“Ah…just hurry up and promise me,” she says, eyes earnest with hope.
Hwi-Young takes in a long breath almost as if he was the parent now, reluctant to give in to his child begging for a last snack before dinnertime; there’s that flicker in his eyes again, but then he breathes out and his face begins to relax slightly – a telltale sign that he’s giving in to her.
“Then I want you to promise me something too,” he says, voice coming out hard and funny. She thinks he sounds strained, but her breath catches a little at the tone and really just at the fact that he wants her to make him a promise too. She waits.
"Make sure you come back alive. That is an order.”
Soo-Hyun’s lips part in shock as her body goes numb. This isn’t what she expected him to say at all, and she’s had maybe ten different scenarios of how this might turn out in her head.
Involuntarily, her eyes begin to water and she knows that they are definitely red now, but she doesn’t pull her eyes away from him. He had just asked for her to come back alive. Not to finish the mission, or even make sure she dies honorably for the country if the time came for it.
Her heart clenches when it clicks and she finally understands the true gravity of his words concealed behind the cover of a promise. A mix of emotions are going around in the pit of her stomach now, but it mirrors the same ones she sees in the darkness of his eyes and it kind of leaves her in slight awe at how serious he is about this.
Her lower lip begins to tremble and she really wants to say something but her mind is blank and the words don’t ever leave her mouth.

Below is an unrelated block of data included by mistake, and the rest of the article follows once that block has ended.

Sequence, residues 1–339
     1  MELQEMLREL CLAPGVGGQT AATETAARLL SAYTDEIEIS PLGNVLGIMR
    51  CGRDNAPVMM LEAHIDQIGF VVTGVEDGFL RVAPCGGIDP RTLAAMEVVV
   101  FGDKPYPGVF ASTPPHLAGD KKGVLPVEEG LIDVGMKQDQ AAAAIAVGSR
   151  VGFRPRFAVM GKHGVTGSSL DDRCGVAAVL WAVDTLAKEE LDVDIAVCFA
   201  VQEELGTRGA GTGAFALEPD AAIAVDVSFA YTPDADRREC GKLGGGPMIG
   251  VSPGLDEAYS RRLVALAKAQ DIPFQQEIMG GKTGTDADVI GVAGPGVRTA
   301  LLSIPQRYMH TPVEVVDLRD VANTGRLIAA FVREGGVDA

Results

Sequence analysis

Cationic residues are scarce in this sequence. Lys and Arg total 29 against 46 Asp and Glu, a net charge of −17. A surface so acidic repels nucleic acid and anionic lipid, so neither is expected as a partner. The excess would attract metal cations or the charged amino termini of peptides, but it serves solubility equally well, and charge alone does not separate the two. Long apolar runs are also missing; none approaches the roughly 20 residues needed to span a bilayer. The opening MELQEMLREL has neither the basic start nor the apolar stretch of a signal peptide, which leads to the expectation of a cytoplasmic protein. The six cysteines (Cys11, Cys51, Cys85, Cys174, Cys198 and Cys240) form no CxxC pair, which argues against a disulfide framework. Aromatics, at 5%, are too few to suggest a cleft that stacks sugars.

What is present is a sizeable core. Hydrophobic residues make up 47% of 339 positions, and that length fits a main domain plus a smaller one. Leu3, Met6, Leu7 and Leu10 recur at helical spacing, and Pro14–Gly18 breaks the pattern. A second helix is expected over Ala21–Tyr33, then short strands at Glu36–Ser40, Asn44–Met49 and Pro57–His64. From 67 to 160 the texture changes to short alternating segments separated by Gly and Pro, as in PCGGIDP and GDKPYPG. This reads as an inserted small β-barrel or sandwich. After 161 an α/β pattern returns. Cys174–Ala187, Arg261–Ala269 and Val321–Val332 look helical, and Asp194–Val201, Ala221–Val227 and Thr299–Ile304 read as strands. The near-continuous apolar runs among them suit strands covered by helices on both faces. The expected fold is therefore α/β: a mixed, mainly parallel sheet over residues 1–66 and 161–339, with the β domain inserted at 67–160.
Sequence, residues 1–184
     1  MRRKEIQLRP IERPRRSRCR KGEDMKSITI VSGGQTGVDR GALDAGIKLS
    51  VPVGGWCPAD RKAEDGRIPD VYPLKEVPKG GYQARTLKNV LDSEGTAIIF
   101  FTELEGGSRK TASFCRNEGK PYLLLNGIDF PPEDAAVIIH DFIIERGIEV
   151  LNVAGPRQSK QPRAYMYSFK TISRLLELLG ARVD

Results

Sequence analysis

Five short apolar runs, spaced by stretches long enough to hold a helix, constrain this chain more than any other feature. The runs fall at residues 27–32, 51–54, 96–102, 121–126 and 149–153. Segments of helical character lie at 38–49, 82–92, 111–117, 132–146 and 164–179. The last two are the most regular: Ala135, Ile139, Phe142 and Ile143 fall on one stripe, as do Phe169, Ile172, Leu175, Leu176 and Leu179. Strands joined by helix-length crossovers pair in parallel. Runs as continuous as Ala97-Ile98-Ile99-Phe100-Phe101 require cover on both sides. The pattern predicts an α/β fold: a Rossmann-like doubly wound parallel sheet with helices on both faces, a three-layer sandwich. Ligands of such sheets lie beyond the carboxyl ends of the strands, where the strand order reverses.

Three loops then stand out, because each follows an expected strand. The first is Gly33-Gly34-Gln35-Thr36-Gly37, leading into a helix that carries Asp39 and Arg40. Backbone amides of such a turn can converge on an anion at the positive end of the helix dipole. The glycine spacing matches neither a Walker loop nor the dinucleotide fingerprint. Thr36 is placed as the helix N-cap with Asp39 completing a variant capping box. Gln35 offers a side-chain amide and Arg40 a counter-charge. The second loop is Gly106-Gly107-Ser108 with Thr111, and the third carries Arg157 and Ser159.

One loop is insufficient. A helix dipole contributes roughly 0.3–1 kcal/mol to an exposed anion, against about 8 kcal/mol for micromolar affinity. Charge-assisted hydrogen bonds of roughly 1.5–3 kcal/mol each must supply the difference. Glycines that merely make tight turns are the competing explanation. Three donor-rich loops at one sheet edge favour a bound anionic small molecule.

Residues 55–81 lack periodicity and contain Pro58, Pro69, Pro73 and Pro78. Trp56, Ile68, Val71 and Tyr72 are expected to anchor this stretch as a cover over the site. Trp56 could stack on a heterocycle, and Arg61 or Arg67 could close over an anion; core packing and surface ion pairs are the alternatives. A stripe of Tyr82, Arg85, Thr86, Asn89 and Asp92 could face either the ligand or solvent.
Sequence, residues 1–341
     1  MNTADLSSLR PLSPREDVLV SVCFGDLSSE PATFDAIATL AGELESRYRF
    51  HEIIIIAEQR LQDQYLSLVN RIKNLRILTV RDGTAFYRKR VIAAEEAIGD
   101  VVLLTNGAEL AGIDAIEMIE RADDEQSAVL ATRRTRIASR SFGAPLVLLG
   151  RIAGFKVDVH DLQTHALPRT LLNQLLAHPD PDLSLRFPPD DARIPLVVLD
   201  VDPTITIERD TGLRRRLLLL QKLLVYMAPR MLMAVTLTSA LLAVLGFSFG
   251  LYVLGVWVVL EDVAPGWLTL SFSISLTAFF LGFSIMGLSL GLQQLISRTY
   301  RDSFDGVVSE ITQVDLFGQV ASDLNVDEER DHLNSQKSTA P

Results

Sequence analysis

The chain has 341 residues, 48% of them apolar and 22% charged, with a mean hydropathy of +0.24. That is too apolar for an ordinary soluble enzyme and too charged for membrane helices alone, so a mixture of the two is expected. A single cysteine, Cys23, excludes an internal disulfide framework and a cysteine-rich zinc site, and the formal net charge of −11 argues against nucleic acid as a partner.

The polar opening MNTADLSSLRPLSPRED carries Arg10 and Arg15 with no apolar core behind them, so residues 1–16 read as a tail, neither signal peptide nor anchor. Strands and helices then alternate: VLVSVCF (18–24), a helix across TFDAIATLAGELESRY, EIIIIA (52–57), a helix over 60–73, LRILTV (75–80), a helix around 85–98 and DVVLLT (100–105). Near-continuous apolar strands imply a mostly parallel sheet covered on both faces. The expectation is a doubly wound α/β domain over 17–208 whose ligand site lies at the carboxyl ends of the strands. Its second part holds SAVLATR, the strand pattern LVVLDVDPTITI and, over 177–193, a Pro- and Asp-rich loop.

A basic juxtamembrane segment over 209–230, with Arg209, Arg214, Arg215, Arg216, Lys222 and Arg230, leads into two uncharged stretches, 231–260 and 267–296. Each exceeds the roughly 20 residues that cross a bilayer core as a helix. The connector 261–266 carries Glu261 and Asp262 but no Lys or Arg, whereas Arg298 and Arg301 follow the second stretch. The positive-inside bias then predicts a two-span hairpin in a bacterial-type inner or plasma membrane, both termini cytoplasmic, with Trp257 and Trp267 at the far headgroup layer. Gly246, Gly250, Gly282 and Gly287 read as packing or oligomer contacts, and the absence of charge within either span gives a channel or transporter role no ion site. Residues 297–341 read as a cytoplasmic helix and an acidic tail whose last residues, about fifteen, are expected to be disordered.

Hwi-Young stares back at her decisively, like he’s daring her to say no to him because no matter what their relationship, he’s still the leader and she’s still just a comrade under him. If any order is given to her, she usually carries it out without question only because she trusts his leadership and judgement.
Maybe this order isn’t for the greater good of the country, but she decides then that she can afford this promise just like how she chose to give in to the kiss they shared. She hopes that God and her country could forgive her for this last request that she selfishly wants to keep for herself and Hwi-Young, and that she would do everything she could in her power to bring liberation.
Hwi-Young eyes her for another moment before finally pulling his gaze away, lips set in a straight line, and it’s only then that it hits her how long and how intensely they’ve been staring at each other for and there’s some sort of relief that washes over her.
But when he looks up again, his eyes are completely devoid of feeling and blank, as though Soo-Hyun isn’t right there in front of him, she’s just a stranger and they hadn’t just confessed out here in the cold streets. Hands falling out of his pockets limply, he moves first.
The clacking of his shoes against the concrete ground is suddenly the loudest sound in the world to her and she nearly stumbles backwards in surprise, eyes following his movements as he advances forward in her direction.